This time, the project was completed and Family Group became Moore’s first large-scale public bronze.
 Given to the City of London by Moore and the Contemporary Art Society in 1967, Knife Edge Two Piece 1962–65 is displayed in Abingdon Street Gardens, opposite
the Houses of Parliament, where its regular appearance in the background of televised news reports from Westminster makes it Moore’s most prominent piece in Britain.
 In 1953, he completed a four-part screen carved in Portland stone for the Time-Life Building in New Bond Street, London, and in 1955 Moore turned to his first and
only work in carved brick, Wall Relief at the Bouwcentrum in Rotterdam.
 Moore in his studio in England (1975), by Allan Warren The last three decades of Moore’s life continued in a similar vein; several major retrospectives took place around
the world, notably a very prominent exhibition in the summer of 1972 in the grounds of the Forte di Belvedere overlooking Florence.
At the 1952 Venice Biennale, eight new British sculptors produced their Geometry of Fear works as a direct contrast to the ideals behind Moore’s idea of Endurance, Continuity;
his large bronze Double Standing Figure stood outside the British pavilion, and contrasted strongly with the rougher and more angular works inside.
 Moore, a well-known socialist, had sold the sculpture at a fraction of its market value to the former London County Council on the understanding that it would be displayed
in a public space and might enrich the lives of those living in a socially deprived area.
Moore’s first large-scale commission after the Second World War.Shahbanu Farah in Henry Moore’s Gallery, Tehran, May 1971.
 Moore’s earliest recorded carvings – a plaque for the Scott Society at Castleford Secondary School, and a Roll of Honour commemorating the boys who went to fight in the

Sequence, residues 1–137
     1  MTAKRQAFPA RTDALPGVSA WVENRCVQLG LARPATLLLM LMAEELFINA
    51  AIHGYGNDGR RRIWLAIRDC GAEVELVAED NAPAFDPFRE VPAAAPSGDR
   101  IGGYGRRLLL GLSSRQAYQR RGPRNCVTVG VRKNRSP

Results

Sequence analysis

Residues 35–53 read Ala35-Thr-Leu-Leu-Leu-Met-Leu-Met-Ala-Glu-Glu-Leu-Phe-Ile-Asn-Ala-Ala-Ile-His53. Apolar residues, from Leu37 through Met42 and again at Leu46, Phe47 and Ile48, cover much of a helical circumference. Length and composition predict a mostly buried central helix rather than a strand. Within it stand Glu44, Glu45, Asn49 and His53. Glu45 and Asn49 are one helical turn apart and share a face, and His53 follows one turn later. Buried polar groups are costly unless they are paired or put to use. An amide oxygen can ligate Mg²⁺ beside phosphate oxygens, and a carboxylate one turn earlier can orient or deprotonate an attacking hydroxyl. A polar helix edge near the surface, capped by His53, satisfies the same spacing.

First World War from the school – were executed around this time.
 The UNESCO piece being moved, in 1963, to allow for building work In the 1950s, Moore began to receive increasingly significant commissions.
In the same year, Moore made his first visit to America when a retrospective exhibition of his work opened at the Museum of Modern Art in New York City.
 Collections England The world’s largest collection of Moore’s work is open to the public and is housed in the house and grounds of the 70-acre estate that was Moore’s
home for 40 years in Perry Green in Hertfordshire.
As with much of the post-War work, there are several bronze casts of this sculpture.
In 1928, despite his own self-described “extreme reservations”, he accepted his first public commission for West Wind for the London Underground Building at 55 Broadway in
London, joining the company of Jacob Epstein and Eric Gill.
Despite acquiring significant wealth later in life, Moore never felt the need to move to larger premises and, apart from the addition of a number of outbuildings and studios,
the house changed little over the years.
1, (1955), Bouwcentrum, Rotterdam After the Second World War, Moore’s bronzes took on their larger scale, which was particularly suited for public art commissions.
 From this time, Clark became an unlikely but influential champion of Moore’s work, and through his position as member of the Arts Council of Great Britain he secured
exhibitions and commissions for the artist.